Unexpectedly. Of course.
Manufacturing in the U.S. unexpectedly contracted for a second month in July, showing a mainstay of the economy was struggling to improve as global economies weakened.
The Institute for Supply Management’s factory index was little changed at 49.8 last month from 49.7 in June. Fifty marks the dividing line between expansion and contraction. Economists surveyed by Bloomberg News projected a reading of 50.2, according to the median estimate.
Despite all indications prior to this, they still insist this is unexpected.
Regional reports for last month indicated U.S. manufacturing was sputtering. A measure of manufacturing around Milwaukee, Wisconsin, shrank in July for the first time in three years. A gauge of Cincinnati, Ohio-area factories declined to the lowest level since October 2009. Reports from factories in Dallas and Richmond, Virginia, also showed contraction.
So why is this unexpected?
You know what else is unexpected? The depression we appear to be in (via John E.).
If you don’t want to call this epidemic of rising poverty an invisible depression, call it the golden age of unemployment. Today’s laid-off workers can collect unemployment benefits for up to 99 weeks, staying off the public’s radar as an economic distress signal. Over that time, they often lose confidence, their skills degrade, and they can slip into the ranks of America’s chronically unemployed — where they no longer will be counted in the nation’s official unemployment rate, now at 8.2%.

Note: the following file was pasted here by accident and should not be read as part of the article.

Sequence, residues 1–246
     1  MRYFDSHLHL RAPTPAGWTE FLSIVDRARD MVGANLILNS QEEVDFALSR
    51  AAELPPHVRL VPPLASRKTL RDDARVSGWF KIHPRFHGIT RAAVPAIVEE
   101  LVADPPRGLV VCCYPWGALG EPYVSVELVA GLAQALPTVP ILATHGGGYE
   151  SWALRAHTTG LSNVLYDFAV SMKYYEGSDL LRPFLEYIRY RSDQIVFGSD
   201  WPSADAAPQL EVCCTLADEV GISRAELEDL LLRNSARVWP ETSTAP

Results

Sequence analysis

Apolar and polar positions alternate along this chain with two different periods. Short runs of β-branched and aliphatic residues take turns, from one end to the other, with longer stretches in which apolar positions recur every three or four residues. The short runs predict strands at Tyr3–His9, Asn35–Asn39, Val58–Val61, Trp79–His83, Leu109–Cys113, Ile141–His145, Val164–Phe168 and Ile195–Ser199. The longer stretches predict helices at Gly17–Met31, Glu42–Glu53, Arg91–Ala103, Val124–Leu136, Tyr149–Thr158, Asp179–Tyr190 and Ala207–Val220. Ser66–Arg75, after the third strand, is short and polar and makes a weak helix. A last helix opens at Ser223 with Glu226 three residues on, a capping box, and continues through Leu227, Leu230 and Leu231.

What are the societal effects of millions of people sidelined for so many years on end? College graduates, looking to launch careers, end up working at Starbucks. Middle-aged professionals apply to temp agencies for gigs they once considered beneath themselves. The nearly retired simply retire early. Even if we could return to full employment tomorrow, the drag of all these idled lives could affect generations.
The tragic part of all this is it’s by design.